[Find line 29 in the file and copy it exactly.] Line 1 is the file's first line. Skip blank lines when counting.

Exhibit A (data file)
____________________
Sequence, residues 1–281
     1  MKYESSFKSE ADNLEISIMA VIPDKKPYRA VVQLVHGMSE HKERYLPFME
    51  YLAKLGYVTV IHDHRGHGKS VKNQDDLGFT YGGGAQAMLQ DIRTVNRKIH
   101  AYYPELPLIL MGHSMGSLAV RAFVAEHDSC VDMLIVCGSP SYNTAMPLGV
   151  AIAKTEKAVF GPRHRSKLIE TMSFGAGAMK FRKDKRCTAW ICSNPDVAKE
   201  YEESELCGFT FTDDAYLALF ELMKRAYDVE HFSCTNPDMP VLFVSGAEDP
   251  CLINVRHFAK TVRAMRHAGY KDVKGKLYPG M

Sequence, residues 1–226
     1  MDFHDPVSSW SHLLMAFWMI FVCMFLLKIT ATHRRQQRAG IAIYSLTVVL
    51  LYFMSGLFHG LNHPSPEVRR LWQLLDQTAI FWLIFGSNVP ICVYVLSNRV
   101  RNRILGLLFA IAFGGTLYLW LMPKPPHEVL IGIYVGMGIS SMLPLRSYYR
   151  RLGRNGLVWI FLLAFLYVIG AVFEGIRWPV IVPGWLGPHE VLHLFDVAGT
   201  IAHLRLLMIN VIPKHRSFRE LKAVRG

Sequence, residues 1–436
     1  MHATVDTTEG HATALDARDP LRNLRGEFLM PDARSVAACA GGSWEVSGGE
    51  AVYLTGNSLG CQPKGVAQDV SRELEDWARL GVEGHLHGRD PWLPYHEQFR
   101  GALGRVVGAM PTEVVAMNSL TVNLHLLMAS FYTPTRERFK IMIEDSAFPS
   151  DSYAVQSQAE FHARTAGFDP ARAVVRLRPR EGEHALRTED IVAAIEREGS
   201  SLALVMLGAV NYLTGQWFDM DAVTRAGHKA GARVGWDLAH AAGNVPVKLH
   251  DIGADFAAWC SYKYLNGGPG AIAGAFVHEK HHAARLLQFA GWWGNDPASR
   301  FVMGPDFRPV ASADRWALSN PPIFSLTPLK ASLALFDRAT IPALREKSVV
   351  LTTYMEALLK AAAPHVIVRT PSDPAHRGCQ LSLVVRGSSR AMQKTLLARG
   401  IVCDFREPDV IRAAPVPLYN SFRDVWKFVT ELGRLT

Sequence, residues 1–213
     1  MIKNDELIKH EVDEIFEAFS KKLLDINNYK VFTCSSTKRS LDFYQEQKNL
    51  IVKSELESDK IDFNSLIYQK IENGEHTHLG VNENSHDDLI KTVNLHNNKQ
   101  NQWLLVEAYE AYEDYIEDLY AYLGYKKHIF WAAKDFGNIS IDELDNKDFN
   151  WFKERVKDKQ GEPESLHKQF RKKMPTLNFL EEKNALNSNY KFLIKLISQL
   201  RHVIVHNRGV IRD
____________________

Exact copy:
   201  RHVIVHNRGV IRD